Physics 3C03, Spring 2012 (not offered in 2013)
From D. Bukta, G. Karl and B.G. Nickel,
"The Linear Baryon", Can. J. Phys. 78 (2000) 449.
Shown are probability densities of two excited states of the baryon,
which bear close resemblance to classical periodic orbits in a
hexagonal potential well.
|| Lectures: Mon. 16:30, Wed. 16:30, Thurs. 16:30 Term II,
Instructor: Dr. D.H.J. O'Dell
Office: ABB 320
Office Hours: Monday 10:30am-12:30pm
Main Text: I have chosen the following book:
Classical Mechanics (Fifth Edition),
T.W.B. Kibble and F.H. Berhshire, Imperial College Press,
Other reference books:
Theoretical Mechanics of Particles and Continua,
A.L. Fetter and J.D. Walecka, Dover Publications,
ISBN: 0486 43261 0
Classical Mechanics (Third edition),
H. Goldstein, C. Poole and J. Safko, Addison-Wesley, ISBN: 0201 65702 3
Chaos and Integrability in Nonlinear Dynamics,
Michael Tabor, Wiley, ISBN: 978-0471827283
Mechanics - from Newton's laws to deterministic chaos
F. Scheck, Springer, ISBN: 3540 21925 0 (fourth edition)
Introduction to Dynamics, Ian Percival and Derek
Richards, Cambridge University Press, ISBN: 0521 28149 0
This course is a sequel to Physics 2D03, 2E03. Classical Mechanics
began with Isaac Newton, and for two centuries it was one of the
glories of physics. Many famous people including Euler, Lagrange,
Laplace, Gauss, Cauchy, Hamilton and Stokes contributed to the
development of analytical methods which give deep insight into the
motion of mass under the influence of applied forces. My aim is to
introduce you to some of these methods and the insights that they
During the last part of the twentieth century, the study of classically
chaotic systems lead to new insights into the question of stability of
While quantum mechanics has displaced classical mechanics as a
fundamental theory, the problem of the relation between the two remains
a subject of active research. Knowledge of advanced dynamics is a
prerequisite for a deep understanding of this relationship.
Students in Mathematics and Physics are welcome to take this course. Please
email me to get permission to enrol.
The Course outline is
available here as a .pdf file.
Here also is a list of Lecture topics for
the current year, and as it was offered in 2010:
Lecture topics from 2010
Some short biographical information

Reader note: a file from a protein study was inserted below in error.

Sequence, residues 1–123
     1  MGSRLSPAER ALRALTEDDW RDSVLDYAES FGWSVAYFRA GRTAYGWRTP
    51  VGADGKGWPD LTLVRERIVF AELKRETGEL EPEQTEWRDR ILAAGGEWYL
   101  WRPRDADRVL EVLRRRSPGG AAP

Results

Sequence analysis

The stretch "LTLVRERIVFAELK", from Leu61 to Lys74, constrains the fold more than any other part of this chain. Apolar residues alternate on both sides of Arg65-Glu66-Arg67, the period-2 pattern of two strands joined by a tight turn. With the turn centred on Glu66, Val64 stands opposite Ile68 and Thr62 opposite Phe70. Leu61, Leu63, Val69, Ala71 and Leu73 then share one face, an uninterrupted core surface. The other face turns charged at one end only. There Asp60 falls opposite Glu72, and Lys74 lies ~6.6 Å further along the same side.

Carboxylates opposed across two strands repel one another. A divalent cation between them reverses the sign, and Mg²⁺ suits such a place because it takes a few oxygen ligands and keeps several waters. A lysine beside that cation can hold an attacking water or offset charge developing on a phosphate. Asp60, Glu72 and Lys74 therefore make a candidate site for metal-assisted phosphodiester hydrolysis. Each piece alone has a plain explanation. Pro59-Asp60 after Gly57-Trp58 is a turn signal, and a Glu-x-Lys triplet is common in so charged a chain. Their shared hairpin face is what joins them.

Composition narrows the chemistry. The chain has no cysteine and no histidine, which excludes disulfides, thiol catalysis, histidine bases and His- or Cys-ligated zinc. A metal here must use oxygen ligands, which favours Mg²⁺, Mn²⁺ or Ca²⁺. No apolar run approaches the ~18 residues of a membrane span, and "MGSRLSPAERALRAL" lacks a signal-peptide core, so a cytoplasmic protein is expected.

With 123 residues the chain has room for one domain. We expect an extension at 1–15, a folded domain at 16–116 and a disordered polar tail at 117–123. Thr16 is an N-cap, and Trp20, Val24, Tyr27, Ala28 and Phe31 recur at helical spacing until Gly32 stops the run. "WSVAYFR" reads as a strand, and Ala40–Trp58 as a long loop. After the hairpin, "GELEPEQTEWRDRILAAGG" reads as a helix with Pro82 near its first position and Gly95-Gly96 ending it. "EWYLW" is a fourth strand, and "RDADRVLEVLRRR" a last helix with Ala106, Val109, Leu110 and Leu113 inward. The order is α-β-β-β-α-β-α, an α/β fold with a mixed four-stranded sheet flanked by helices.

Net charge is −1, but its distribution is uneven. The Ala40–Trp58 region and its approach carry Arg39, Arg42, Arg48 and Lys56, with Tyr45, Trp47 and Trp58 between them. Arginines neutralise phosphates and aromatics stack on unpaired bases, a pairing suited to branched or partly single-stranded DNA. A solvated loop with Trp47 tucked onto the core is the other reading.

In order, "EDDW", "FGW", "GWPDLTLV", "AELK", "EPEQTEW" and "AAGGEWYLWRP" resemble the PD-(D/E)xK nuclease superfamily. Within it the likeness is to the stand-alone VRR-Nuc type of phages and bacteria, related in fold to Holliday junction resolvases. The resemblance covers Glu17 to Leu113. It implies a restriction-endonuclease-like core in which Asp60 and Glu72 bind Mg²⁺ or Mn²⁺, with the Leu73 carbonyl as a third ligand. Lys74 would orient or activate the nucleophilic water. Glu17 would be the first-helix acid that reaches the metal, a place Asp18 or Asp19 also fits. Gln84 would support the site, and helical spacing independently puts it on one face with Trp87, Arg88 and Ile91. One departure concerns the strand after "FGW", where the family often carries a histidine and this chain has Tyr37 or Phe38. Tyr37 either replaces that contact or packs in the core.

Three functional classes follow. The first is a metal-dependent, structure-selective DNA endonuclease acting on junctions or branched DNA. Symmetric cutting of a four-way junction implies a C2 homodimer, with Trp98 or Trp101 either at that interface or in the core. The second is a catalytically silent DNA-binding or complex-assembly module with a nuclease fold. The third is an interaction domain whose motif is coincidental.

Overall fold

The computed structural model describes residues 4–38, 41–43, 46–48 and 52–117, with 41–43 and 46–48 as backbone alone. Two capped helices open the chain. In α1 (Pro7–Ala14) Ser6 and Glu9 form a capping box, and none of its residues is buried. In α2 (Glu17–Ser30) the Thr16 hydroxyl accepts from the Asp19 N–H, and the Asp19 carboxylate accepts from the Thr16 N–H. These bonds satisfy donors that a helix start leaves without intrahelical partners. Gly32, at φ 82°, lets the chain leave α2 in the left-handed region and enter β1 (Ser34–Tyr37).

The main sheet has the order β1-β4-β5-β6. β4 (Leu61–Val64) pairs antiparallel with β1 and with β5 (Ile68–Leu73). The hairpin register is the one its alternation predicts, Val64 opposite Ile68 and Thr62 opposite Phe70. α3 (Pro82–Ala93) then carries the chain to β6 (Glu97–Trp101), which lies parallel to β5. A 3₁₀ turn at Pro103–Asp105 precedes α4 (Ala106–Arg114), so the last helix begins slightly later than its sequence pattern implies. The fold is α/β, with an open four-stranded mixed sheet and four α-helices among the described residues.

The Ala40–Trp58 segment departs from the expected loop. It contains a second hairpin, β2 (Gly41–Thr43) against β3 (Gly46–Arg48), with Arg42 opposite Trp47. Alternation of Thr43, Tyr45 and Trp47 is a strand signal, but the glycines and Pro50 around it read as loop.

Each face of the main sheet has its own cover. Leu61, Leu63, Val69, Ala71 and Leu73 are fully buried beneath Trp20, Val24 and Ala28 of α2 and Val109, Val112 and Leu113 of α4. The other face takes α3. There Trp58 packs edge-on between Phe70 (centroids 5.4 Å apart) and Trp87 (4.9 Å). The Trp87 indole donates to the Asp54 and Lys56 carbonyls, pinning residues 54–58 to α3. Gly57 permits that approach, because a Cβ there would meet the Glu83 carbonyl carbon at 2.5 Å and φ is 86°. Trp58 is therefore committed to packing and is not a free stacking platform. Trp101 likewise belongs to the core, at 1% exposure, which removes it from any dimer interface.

is available here; and even more here
. Also, a short note concerning W. R. Hamilton.
, as well as a picture of the man.
Some notes concerning Contact transforms
are available here, as well.
There will be four or five marked homework assignments, plus a midterm
and a final exam. The tentative schedule is on the Course work page.
Your course mark is composed as follows: homework 10% , midterm 30%,
final exam 60%.
A mark of 50 % in the one of the exams is required to pass the course.
In the event that your midterm mark is higher than the final exam mark,
I will consider a more equal weighting of the two.
The assignments are an important part of the learning experience. Although they
have a low weight in the final course mark, how many assignments you completed
will be taken into account in setting the final grade.
Homework and Test Schedule
Assignment 1: Due Thursday, January 19
Assignment 2: Due Friday, February 2
Assignment 3: Due Monday, February 27
Midterm: Friday March 9, 6:30-8:30 p.m. in ABB 166
Assignment 4: Due Monday, March 19
Assignment 5: Due Monday, April 2
Final Exam: scheduled by the Registrar's Office.
See page 3 for details.
Homework assignments will be posted on the web ten days to two weeks
before the due date. This schedule is tentative. I reserve the right to
shift the above dates as the course progresses.
Statutory Notices: Academic Dishonesty
Academic dishonesty consists of misrepresentation by deception or by
other fraudulent means and can result in serious consequences, e.g. the
grade of zero on an assignment, loss of credit with a notation on the
transcript (notation reads "Grade of F assigned for academic
dishonesty"), and/or suspension or expulsion from the university. For
information on the various kinds of academic dishonesty please refer to
Academic Integrity and Academic Dishonesty section of your
The following are just three examples of academic dishonesty: 1)
plagiarism, e.g. the submission of work that is not one's own or for
which credit has been obtained; 2) improper collaboration in group
work; 3) copying or using unauthorized aids in tests and examinations.
In plain language this means that assignments have to be the result of
CAP Prize Exams of recent years
Coaching sessions for the CAP Prize Exam are organized by the
Physics Club. Contact Caroline Burgess if you are interested.
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